Japanese lawmaker indicted on fresh charges

by William Brown Last Updated
Japanese lawmaker indicted on fresh charges

A Japanese lawmaker who played an instrumental role in the legalisation and promotion of casino gambling has been indicted on bribery charges.

Casino News Daily reports that Tsukasa Akimoto, a former member of Prime Minister Shinzo Abe’s Liberal Democratic Party was served with a fresh arrest warrant on Tuesday for allegedly receiving millions of yen from a Chinese gambling company to spearhead its bid to build a casino in Japan.

Akimoto was arrested on December 25 over allegations he had received cash from Chinese online sports lottery company 500.com to help it win a licence for an integrated resort with a dedicated casino floor in Hokkaido.

The lawmaker served as a senior vice minister at the Cabinet Office for about a year and was tasked with overseeing the drafting of a policy allowing for the development of up to three casino resorts in Japan.

Akimoto was indicted on changes of taking a 3 million Japanese yen bribe from 500.com advisers in his office in Tokyo in late September, 2017, when the House of Representatives he was a member of was dissolved for a snap election by Prime Minister Abe.

Along with his indictment, the disgraced lawmaker was also served with a new arrest warrant for allegedly taking more money than what the initial evidence showed.

Tokyo prosecutors served Akimoto with a fresh arrest warrant for allegedly taking an addition 2 million Japanese yen from 500.com and for admitting that the expenses for a trip worth 1.5 million Japanese yen to the gambling operator’s corporate headquarters in Shenzhen, China were, too, covered by 500.com.

According to prosecutors, the lawmaker accepted more than 7 million Japanese yen in bribes in cahs and the form of trip expenses altogether.

Aside from his visit to 500.com’s headquarters, the company also allegedly treated Akimoto to a family trip to Hokkaido in February 2018.

The lawmaker has denied any wrongdoing and has told investigators that he did not remember taking cash from 500.com and that his secretary was the person who dealt with all payments for his trips.

Akimoto’s former secretary, Akihiro Toyoshima was also indicted in connection with the bribery case.

According to the latest reports from local media, 500.com asked Akimoto to lobby for an increase in the number of casino licences up for grabs from three to five.

The Chinse company established an office in Japan in the summer of 2017.

Six months later, it revealed plans to pursue development opportunities in Hokkaido.

The former executive of 500.com’s Japanese arm, Zheng Xi, as well as former company advisers Masahiko Konno and Katsunori Nakazato were, too, served with fresh arrest warrants.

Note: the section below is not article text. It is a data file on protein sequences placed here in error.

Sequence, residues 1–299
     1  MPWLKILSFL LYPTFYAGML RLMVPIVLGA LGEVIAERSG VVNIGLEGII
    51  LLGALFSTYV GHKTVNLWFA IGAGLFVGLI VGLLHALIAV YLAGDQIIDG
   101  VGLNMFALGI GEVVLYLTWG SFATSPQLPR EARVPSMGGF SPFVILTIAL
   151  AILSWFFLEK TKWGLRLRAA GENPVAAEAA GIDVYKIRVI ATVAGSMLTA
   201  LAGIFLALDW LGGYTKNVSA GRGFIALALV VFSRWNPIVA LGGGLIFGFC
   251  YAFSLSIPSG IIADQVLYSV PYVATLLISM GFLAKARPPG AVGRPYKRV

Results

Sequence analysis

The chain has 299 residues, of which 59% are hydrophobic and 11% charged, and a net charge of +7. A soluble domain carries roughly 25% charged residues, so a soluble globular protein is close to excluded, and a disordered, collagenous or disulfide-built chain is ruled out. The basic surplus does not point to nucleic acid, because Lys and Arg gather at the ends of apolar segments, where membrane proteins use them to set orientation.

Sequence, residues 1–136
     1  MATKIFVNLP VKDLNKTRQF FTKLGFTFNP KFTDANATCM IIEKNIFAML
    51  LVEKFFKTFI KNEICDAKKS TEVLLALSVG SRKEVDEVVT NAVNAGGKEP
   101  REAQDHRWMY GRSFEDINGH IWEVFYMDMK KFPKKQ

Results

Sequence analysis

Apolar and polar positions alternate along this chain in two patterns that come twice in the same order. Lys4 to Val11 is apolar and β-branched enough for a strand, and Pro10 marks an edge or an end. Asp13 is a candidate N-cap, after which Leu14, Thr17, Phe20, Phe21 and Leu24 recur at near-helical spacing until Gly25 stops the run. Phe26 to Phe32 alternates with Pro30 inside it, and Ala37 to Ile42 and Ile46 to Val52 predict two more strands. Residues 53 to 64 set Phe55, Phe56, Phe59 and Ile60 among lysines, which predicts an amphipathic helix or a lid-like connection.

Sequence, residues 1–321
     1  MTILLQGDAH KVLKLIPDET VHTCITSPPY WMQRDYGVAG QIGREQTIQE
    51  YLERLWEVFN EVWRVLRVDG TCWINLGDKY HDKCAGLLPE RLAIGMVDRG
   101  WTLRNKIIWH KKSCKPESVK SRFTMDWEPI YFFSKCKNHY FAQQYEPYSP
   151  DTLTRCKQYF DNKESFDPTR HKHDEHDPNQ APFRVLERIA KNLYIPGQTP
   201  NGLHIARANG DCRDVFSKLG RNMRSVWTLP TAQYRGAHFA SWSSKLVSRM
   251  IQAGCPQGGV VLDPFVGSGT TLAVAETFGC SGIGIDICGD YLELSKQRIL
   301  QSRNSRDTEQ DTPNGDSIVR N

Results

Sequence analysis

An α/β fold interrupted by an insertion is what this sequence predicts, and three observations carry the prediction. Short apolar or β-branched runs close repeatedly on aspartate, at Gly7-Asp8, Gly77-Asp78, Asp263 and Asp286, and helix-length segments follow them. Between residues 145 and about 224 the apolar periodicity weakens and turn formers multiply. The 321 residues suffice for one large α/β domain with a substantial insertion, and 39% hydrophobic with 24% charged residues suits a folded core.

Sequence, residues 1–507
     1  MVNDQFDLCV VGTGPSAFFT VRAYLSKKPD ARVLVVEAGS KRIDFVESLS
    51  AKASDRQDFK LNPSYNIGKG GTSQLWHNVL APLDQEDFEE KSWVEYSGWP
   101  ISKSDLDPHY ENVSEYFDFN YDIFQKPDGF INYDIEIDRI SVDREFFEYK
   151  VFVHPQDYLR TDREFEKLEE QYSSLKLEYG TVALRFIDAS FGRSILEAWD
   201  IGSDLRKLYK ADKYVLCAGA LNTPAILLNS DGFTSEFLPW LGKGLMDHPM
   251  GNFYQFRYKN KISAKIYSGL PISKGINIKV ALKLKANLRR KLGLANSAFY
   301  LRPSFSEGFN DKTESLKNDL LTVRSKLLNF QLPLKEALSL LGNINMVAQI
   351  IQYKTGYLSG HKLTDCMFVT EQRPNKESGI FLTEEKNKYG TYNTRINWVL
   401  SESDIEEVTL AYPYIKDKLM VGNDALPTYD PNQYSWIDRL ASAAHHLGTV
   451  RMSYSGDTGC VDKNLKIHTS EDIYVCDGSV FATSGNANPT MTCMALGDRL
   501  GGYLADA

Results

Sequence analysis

All three were arrested late last year for their alleged involvement in the bribery scandal.

Twin River vice president charged with bribery

Casino operator Twin River Worldwide Holdings is dealing with fresh controversy after one of its senior executives was charged with bribery.

Calvin Ayre reported in December that the Rhode Island Attorney General’s office announced it had filed multiple charges of accepting bribes and ‘casino gaming bribes’ against Michael Barlow.

Barlow is the senior vice president of operations at Twin River, which operates Rhode Island’s two casinos on behalf of the state government.

Attorney General Peter Neronha said a grand jury had returned an indictment on December 12, that included 30 felony counts against Barlow and two other individuals – casino vendor Yehuda Amar and Amar’s business associate Jill Feldman.

Amar is accused of making payments to Barlow – who began his tenure with Twin Rivers in 2006 – to secure subleases with multiple food court vendors at Twin River casino properties, as well as securing multiple business contracts.

Barlow and Amar were partners in several residential and commercial properties in Connecticut, which resulted in Barlow incurring $340,000 in debt to Amar.

To service these debts, Barlow allegedly steered vendors and contracts to Amar, who “significantly” profited from these transactions.

Amar and Feldman allegedly failed to file corporate tax returns in the state from 2016-18, while also failing to report business income and filing fraudulent personal income tax returns.

Barlow, whose home was searched by police in June, is facing four counts of accepting a bribe, three counts of obtaining property under false pretences, three counts of conspiracy to obtain property under false pretences, and two counts of casino gaming crimes/providing false information.

Barlow was arraigned on Tuesday, before being released on $20,000 bail.

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